Medical Device Associated Infections

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Chapter: Pharmaceutical Microbiology : Clinical Uses Of Antimicrobial Drugs

A wide variety of medical devices are increasingly used in clinical practice. These range from vasculature and urinary catheters, prosthetic joints and heart valves, shunts and stents for improving the flow of CSF, blood or bile according to their site of use, to intracardiac patches and vascular pumps.


MEDICAL DEVICE ASSOCIATED INFECTIONS

 

A wide variety of medical devices are increasingly used in clinical practice. These range from vasculature and urinary catheters, prosthetic joints and heart valves, shunts and stents for improving the flow of CSF, blood or bile according to their site of use, to intracardiac patches and vascular pumps. Unfortunately infection is the most frequent complication of their use and may result in the need to replace or remove the device, sometimes with potentially life-threatening and fatal consequences.

 

Infections are often caused by organisms arising from the normal skin flora, which gain access at the time of insertion of the device. Staph. epidermidis is among the most frequent of isolates. Following attachment to the surface of the device, the organisms undergo multiplication with the formation of extracellular polysaccharide material (glycocalyx) which contains slowly replicating cells to form a biofilm. Microorganisms within a biofilm are less vulnerable to attack by host defences (phagocytes, complement and antibodies) and are relatively insusceptible to antibiotic therapy despite the variable ability of drugs to penetrate the biofilm.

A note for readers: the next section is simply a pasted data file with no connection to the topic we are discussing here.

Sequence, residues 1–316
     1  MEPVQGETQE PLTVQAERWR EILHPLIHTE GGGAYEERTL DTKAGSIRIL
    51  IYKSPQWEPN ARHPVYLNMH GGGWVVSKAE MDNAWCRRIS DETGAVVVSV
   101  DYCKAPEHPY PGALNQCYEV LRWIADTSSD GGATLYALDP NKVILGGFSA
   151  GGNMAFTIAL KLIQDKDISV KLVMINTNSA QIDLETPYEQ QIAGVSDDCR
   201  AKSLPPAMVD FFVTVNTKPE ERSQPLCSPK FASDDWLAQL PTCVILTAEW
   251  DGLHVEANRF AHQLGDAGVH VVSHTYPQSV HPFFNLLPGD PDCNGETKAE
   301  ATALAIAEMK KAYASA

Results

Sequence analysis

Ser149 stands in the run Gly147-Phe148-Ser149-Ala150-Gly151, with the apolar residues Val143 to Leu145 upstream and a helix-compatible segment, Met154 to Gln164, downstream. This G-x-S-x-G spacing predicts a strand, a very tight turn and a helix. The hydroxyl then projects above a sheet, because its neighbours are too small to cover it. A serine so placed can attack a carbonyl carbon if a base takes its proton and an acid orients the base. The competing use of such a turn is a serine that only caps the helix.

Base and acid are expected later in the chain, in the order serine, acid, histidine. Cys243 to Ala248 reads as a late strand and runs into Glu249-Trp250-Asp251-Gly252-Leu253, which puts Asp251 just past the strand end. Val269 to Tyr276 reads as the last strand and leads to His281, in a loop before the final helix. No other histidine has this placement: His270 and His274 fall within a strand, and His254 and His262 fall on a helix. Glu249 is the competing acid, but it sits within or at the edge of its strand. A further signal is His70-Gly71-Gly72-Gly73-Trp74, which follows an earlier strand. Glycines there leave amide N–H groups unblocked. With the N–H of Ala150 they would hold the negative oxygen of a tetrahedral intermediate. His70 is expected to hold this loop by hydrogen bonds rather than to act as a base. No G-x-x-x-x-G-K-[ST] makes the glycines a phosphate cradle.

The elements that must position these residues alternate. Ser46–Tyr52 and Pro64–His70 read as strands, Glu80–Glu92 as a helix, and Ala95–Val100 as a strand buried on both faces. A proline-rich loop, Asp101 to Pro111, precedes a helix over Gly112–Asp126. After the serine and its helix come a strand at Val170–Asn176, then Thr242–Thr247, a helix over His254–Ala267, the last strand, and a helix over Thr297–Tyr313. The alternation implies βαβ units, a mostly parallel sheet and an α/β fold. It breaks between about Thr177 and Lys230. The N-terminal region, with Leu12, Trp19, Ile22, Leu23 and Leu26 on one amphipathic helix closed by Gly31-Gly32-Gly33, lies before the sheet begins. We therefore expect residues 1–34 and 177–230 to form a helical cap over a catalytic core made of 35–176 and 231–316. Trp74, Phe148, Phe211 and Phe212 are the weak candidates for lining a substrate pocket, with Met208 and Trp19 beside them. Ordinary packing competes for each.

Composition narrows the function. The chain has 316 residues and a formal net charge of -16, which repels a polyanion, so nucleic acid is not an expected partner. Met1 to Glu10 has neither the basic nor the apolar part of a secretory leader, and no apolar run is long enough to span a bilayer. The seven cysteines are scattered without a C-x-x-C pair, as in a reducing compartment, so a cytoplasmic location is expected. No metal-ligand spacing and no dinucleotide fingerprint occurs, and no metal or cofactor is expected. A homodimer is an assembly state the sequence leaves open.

Management approaches have therefore emphasized the need for prevention through the addition of good sterile technique at the time of insertion. Manufacturers have also responded by using materials and creating surface characteristics of implanted materials inclement to microbial attachment. Likewise the use of prophylactic antibiotics at the time of insertion of deep-seated devices such as joint and heart valve prostheses has further reduced the risk of infection. Once a medical device becomes infected, management is difficult. Treatment with agents such as flucloxacillin, vancomycin and most recently linezolid is often unsuccessful and the only course of action is to remove the device.

 

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